Is everyone done with the pearl clutching in regards to Ultra Music Festival?
I get it -- EDM is Satan in musical form. And if you'd believe Mayor Tomás Regalado and City Commissioner Marc Sarnoff, Ultra is the ninth circle of Hell.
The reality is Ultra deserves some credit, and while there are some problems that need to be addressed, city leaders shouldn't make such irresponsible statements -- like Regalado who said, "I think we should not have Ultra next year here" -- before a thorough investigation has been completed into the trampling of security guard Erica Mack.
See also: Ultra 2014's Ten Best Moments
"If you want to say Ultra has outgrown the space [at Bayfront Park], that's a valid argument, but to say its overstayed its welcome is a slap in the face," says Cocaine Cowboy filmmaker Billy Corben, who's been vocal in his opposition to the city's handling of Ultra, both when speaking to the Miami Herald and Crossfade earlier this week.
He admits to never attending the festival. But he says politicians like Regalado and Sarnoff are "out of touch with the new voting bloc."
"The police chief [Manuel Orosa] is the only voice of reason. He hit all the right points when he held that press conference."
Although perhaps a bit inflated, Ultra reports "the economic impact generated from the six day event in 2013 was over $223 million." (Ultra was held over two weekends last year, and the source of that data is an independent review by Washington Economics Group, commissioned by the festival. It's also difficult to actually calculate the impact of Ultra alone when there's Winter Music Conference and tons of special events going on the entire week.) According to the Greater Miami Convention & Visitors Bureau, the hotel occupancy rate during March 2013 was 89.1 percent while the yearly average was 79.9 percent. It's safe to say Ultra probably has something to do with that.
"It's important because it serves as a catalyst to bring people to Miami," says Aramis Lorie, operating partner of downtown nightclub Grand Central. "It also brings revenue to the city and area businesses."
There is no argument that what happened to security guard Erica Mack last week is inexcusable. But Ultra tried to shift the blame exclusively to the perpetrators, saying in a press release, "the criminal acts of the gate crashers resulted in critically injuring one of our security guards, Erica Mack."
But that doesn't appear to be entirely the case. Chief Orosa claims the department warned the festival that the area would be a problem and it seems as though that advice was ignored. That doesn't mean Ultra is solely to blame -- because the people who decided that getting into Ultra illegally was worth more than Mack's life were also wrong.
Still, this incident isn't reason enough to pull the plug on Ultra.
Long before downtown Miami was filled with condos and residents, Ultra was there, showcasing the city to the entire world. It turned a simple one-day beach party into a festival that is considered one of the best in North America and the unofficial kickoff to the U.S. music festival season, which includes Coachella, Bonnaroo, Sasquatch!, Outside Lands, and Lollapalooza.
See also: Ultra 2014's Ten Worst Moments
Ultra's most unique feature has also been the one giving it the most problems: it's location.
While most major music festivals happen at remote sites, where camping or other accommodations are required, Ultra is among the few large-scale fests that actually takes place in a city's downtown core. (The only other festivals that come to mind is Lollapalooza in Chicago's Grant Park, and Outside Lands in San Francisco's Golden Gate Park, but both of those parks dwarf Bayfront Park in size.) However, because of Ultra's central location, the economic impact in felt through the city -- in the hotels, restaurants, and nightclubs that festival-goers visit throughout their stay.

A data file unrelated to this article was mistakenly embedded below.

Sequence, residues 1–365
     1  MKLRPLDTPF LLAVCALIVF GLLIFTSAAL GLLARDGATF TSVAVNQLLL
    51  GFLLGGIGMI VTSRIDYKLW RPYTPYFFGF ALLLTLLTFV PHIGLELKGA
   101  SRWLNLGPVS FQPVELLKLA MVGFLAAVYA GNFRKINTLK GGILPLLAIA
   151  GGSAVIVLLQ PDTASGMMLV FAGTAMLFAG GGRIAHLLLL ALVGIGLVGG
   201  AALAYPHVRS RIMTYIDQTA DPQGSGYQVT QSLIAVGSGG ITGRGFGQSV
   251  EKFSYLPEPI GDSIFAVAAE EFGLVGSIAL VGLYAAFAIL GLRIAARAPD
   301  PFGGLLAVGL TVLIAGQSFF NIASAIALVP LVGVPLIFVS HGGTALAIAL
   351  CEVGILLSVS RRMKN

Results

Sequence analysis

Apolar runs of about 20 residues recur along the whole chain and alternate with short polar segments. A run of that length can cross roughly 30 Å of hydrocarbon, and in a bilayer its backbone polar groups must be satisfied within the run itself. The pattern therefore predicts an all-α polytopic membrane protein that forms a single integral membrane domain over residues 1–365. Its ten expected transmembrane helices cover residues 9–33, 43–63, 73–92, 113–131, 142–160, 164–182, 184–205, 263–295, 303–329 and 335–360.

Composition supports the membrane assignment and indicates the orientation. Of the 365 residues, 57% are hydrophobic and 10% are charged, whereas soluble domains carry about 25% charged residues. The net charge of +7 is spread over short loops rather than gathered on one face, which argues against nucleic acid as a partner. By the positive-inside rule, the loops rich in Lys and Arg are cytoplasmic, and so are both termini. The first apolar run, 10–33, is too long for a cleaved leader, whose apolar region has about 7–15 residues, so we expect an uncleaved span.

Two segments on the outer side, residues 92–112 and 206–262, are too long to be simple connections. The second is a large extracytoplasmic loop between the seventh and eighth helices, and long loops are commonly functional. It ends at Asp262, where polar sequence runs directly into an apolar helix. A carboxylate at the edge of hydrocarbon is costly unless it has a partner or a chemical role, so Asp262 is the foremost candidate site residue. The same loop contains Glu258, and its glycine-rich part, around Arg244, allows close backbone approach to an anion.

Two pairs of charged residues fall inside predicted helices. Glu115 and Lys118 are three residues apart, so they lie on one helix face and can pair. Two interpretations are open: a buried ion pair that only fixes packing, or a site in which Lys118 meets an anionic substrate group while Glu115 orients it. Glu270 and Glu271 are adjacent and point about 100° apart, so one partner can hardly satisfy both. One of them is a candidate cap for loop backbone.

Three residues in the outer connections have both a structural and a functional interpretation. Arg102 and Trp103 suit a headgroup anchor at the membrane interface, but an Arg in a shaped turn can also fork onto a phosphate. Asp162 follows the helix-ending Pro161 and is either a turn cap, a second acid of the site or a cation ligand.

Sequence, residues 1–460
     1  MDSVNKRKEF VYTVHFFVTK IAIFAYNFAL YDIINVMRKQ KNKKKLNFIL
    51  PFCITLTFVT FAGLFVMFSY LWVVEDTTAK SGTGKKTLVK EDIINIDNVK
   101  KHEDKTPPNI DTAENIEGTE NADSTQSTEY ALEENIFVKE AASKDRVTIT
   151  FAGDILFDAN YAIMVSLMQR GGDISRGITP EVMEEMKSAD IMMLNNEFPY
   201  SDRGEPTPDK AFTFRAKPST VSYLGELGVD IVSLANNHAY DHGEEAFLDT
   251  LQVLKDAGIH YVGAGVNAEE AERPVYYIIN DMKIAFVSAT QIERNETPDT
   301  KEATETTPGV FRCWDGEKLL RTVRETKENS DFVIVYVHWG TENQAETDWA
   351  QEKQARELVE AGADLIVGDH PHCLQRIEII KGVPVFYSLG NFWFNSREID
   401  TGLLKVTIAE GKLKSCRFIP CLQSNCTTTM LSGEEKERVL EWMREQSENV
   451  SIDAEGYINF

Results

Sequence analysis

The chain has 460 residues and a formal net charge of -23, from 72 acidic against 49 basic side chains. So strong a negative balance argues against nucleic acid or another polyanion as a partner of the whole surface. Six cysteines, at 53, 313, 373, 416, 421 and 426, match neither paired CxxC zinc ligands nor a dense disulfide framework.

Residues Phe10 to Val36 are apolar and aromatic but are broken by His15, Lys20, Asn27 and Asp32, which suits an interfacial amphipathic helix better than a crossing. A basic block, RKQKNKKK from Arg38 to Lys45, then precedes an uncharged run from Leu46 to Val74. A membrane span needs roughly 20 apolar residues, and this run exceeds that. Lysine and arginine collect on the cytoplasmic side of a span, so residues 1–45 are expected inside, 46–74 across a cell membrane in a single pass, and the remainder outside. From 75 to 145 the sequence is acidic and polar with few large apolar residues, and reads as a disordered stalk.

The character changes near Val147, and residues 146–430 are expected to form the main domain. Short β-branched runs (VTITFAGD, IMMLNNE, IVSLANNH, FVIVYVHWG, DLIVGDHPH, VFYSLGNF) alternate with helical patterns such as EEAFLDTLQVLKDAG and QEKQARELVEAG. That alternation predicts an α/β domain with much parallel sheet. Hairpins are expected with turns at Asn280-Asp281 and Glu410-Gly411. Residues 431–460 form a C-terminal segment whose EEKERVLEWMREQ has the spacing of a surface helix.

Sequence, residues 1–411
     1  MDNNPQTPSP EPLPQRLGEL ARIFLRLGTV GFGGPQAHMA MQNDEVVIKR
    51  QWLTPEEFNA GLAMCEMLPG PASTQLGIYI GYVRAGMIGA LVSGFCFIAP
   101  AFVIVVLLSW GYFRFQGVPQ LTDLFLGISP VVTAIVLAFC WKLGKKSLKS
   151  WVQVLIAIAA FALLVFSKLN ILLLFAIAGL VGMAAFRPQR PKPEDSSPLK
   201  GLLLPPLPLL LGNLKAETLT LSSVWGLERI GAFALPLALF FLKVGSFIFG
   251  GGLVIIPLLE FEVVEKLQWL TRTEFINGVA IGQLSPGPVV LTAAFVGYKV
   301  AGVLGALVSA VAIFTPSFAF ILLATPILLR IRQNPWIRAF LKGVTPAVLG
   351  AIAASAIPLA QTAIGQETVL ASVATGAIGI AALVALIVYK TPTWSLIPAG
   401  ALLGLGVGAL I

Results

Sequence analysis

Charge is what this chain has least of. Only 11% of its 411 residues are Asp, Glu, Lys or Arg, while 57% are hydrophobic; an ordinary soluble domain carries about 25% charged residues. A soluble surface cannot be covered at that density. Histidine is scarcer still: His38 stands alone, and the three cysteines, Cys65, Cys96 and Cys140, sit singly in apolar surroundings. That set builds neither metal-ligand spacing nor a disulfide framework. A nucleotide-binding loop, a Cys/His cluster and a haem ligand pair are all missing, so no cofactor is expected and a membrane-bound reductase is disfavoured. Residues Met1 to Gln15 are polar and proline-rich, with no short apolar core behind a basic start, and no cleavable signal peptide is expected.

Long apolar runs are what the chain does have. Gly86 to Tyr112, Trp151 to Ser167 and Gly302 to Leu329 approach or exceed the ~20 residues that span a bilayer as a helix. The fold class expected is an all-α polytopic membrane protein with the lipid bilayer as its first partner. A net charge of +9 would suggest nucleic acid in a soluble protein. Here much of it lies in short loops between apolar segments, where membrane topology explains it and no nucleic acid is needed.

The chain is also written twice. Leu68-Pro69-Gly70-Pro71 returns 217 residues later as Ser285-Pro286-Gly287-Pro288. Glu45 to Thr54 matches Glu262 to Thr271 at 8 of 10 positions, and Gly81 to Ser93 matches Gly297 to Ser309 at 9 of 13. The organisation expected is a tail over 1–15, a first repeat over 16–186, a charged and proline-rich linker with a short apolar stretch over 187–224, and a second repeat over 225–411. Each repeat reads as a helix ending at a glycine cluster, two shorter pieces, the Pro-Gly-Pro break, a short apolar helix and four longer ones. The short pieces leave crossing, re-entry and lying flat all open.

"It shouldn't move from downtown to another location because there isn't anywhere else with suitable hotels and transportation," argues Lorie.
Of course, for several years, the biggest opponents of Ultra have been the new residents in downtown. But complaining about noise in downtown is like complaining that water is too wet. You live in the city's core. Noise, even coming from major events like Ultra, is to be expected.
Then there are the drugs -- or DRUGS!!! if you believe Sarnoff's assertion that everyone is high at Ultra. That's simply not true. Are drugs a problem at Ultra? Yes. But they are a problem at Coachella, Bonarroo, and every other major music festival in the world. Drugs are a music festival problem, not an EDM one. Most festival-goers aren't what I'd consider heavy drug users, but perhaps recreational ones, who, because they shelled out a couple hundred bucks for a ticket, want to party to the fullest. These are weekend warriors who do a bit of molly and then go back to school or work on Monday.
Could EDM acts lay off a bit when it comes to the drug references in their songs? Definitely. But so could hip-hop and even pop musicians. EDM's bad wrap comes from its long -- and not so subtle -- drug culture. Combine that with music that parents just don't understand and you've got a recipe for an 11-o'clock news segment on the dangers of dance music and drugs.
It's necessary for an organization like DanceSafe, which provides non-biased literature and drug testing services, to be present at Ultra. That way, concert-goers might feel comfortable testing the "molly" that they're thinking of taking and perhaps finding out it's actually methylone, AKA bath salts, without fear of legal repercussions.
"There's just too much ignorance and people who don't know what they're doing," says Lady Casa, one of Miami's most influential ravers, when asked if an organization like DanceSafe could help. "I don't like to deny, like, 'No, no one is on drugs. It's not about the drug.' Of course, there are people for whom it isn't about the drugs. For some, it's about bonding with other people, about expressing themselves, enjoying the music, showing off their costume, and interacting. I know plenty of people who don't do drugs, but you can't deny it's part of the culture."